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Andy Pomeroy

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  1. Wow! This was so well done and so musical. I'm seeing comments about adding click to the kick. I'm listening with Sony headphones MDR 7506, which are flat. I like the soulful sound of the kick around the tree minute mark. Maybe during the more rock sounding part with the "guitar" solo, you could tweak the kick by adding click and making it louder in the mix to give it a more rock sound. I really enjoyed your composition and listened to several times. That part with the spaceman running has a very Pink Floyd-Dark Side of the Moon vibe. Outstanding!
  2. Wake up! It sounds like your drummer is quitting the band. Get rid of the problem member, everyone will be happier. I've quit 3 bands because of alcohol and drug abuse. I know five musicians who have died from substance abuse, three of those I played in bands with.
  3. Nice song, yes very Floyd, but so what! It's good music. Vocals are in tune,Thank You! I would like to hear some echo trails on the vocals to compliment the guitar and help create a more dreamy & complex atmosphere. Thanks for sharing. Andy
  4. This put me in a great mood! What do wives know anyway?
  5. Toddskins, I quad tracked the guitars, I recorded four separate channels for one part. I panned one hard right, one hard left, one 80% right and one 80% left. I used a '78 Les Paul Custom with a DiMarzio Super Distortion (1970's) Humbucker in the bridge pickup and a stock Gibson Humbucker in the neck position. Pickup selector in the middle. The guitar is direct into a Behringer Xenyx Q802 mixer with on-board compression applied. The output is via USB to a Creative Labs SoundBlaster Audigy sound card. So to begin the process I set up my first track with THC loaded into the FX area on the track, and chose an amp and cabinet combination that I liked. I recorded the first track with the metronome on. Then muted that track and proceeded to record three more tracks the same way, muting the previous track each time. Since THC is only being applied as an effect, the actual audio from the guitar is a raw, clean guitar track direct from the input source.
  6. Playlist below. These are raw tones, no processing, compression or EQ. This is to show new users how these amps can be used to produce some very nice tones for free! 11 amps in total are demonstrated, each through 10 different cabinets. Look in link description area for each amp, click "Show More" to view linked timeline stamps to each cabinet. https://www.youtube.com/playlist?list=PLaXOVgCVK3CCNq5LM_7FDPAUVgAHlV2ss
  7. Too fatten up a guitar track you'll want to multi-track. It's common to dual track or quad track guitars to achieve this. For dual tracking try recording the same guitar part in two different takes. Then experiment by panning one track hard right and one hard left, or maybe 80% or 60% on the panning. Discover what you like. In the example I quad tracked, I recorded the same part four times. I routed the four Guitar Channels (takes) to a dedicated Guitar Bus, routed the Guitar Bus to the Main Bus. Adjust the Guitar Channels so they don't clip, Then look at the Guitar Bus, make sure it's not clipping. If so, adjust the Guitar Channels accordingly. At this point we have the 4 Guitar Channels feeding the Guitar Bus. The Guitar Bus now acts as the main volume for all the guitars. I set the Guitar Channel panning as follows: one track hard right, one hard left, one 78% right, one 78% left. There was no processing on these tracks or buses. For a final guitar sound I would apply any EQ, compression, noise gate, etc. to the Guitar Bus. It's a waste of time to do each track separately and you'll get better results applying the processing to the Guitar Bus. Remember that the Guitar Bus feeds to the Main Bus.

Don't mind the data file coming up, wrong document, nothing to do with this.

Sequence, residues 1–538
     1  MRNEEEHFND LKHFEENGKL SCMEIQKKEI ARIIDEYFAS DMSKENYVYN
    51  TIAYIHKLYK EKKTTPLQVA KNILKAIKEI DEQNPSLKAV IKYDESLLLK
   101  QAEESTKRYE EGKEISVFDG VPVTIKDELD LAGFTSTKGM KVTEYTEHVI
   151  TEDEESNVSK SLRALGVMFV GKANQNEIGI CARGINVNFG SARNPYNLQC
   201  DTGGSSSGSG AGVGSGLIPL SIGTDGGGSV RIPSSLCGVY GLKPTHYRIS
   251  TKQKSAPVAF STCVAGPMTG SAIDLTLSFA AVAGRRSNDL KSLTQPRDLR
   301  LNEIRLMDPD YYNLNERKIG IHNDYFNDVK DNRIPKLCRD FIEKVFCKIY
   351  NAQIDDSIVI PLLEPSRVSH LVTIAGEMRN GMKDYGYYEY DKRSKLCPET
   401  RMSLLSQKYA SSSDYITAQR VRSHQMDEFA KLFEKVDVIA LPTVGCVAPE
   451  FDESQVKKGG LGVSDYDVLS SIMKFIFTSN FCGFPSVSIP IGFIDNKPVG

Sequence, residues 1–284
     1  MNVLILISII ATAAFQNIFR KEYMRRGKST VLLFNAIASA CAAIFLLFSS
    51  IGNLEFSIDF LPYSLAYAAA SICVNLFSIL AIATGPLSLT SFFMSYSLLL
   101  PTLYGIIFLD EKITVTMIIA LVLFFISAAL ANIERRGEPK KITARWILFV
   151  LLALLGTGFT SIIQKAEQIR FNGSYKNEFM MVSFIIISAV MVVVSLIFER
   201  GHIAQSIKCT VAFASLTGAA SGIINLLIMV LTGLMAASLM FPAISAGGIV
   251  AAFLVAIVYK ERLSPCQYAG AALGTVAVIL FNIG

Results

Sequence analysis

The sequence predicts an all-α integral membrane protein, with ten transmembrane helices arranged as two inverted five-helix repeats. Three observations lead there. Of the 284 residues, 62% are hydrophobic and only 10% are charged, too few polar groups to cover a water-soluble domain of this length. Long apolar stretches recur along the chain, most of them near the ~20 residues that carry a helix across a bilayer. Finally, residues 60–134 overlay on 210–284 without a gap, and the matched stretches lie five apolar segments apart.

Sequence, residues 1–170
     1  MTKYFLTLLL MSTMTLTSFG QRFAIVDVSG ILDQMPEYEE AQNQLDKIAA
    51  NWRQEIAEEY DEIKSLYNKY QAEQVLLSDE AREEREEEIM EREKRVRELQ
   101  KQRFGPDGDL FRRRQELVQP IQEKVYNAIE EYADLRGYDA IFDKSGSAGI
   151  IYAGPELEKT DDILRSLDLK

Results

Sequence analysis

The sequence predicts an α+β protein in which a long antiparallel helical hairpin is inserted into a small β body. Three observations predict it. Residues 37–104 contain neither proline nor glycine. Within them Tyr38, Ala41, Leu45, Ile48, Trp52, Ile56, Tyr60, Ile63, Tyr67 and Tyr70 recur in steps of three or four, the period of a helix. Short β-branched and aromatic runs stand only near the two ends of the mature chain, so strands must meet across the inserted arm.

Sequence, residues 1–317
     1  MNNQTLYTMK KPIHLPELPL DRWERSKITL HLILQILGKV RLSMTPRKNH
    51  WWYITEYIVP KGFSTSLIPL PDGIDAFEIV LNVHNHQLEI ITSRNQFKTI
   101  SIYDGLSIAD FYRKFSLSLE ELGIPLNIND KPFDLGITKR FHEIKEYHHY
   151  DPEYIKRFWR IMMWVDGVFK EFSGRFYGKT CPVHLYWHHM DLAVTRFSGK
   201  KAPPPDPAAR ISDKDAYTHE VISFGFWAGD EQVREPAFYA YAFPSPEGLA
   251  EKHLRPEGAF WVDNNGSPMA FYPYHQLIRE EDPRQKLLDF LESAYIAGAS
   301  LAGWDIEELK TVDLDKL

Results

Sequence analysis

8. James, if you watch the first post I explained the setup. I'll post here for you to watch. Feel to ask any questions: TH3 Cakewalk Version-Amps Comparison
  9. I don't own a Fender amp and have limited experience playing through one. As for these sounding like the real amps, my intention here was to show what could be done and not necessarily to say that this one sounds like a Marshall JCM 900, Dual Rectifier, etc. I simply want to show that a very good guitar sound can be produced. I loaded the Tweed Deluxe with matching cab, a Shure SM57 over the cap and the TH3 Tube Nine (Tube Screamer) in front of the amp. Here's an example of something I liked and would record with:
  10. TH3 produces some great guitar sounds. I'd like to share some tones generated using TH3 Cakewalk Version & NadIR loaded with an IR created by Ola Englund. The point here is that all the software is free! I featured the 11 amps included running through the IR. These are raw guitar tones, no EQ or compression. I may do a series featuring each amp paired with the various cabs, but for this comparison I picked the cab and then compared the 11 different amps through that cab. TH3 Cakewalk Version-Amps Comparison Links are included in the description below the video.
  11. I can relate, playing in a German polka band for 10 years. Our most requested song . . . Roll Out the Barrel. Requests for Blue Suede Shoes, Hound Dog or Moon River. Seriously? Wouldn't you like to hear something German? Do you realize its Oktoberfest, not a wedding?
  12. Mark, I had been using version 4 and upgraded to version 5 after trying the free version. It's only $149! You get 135 kits and the ability to mix any of those to create your own kits. I'm using a Roland TD 25KV with great results. One of my adult sons played on it and liked the Slate drums so much that he also bought it.
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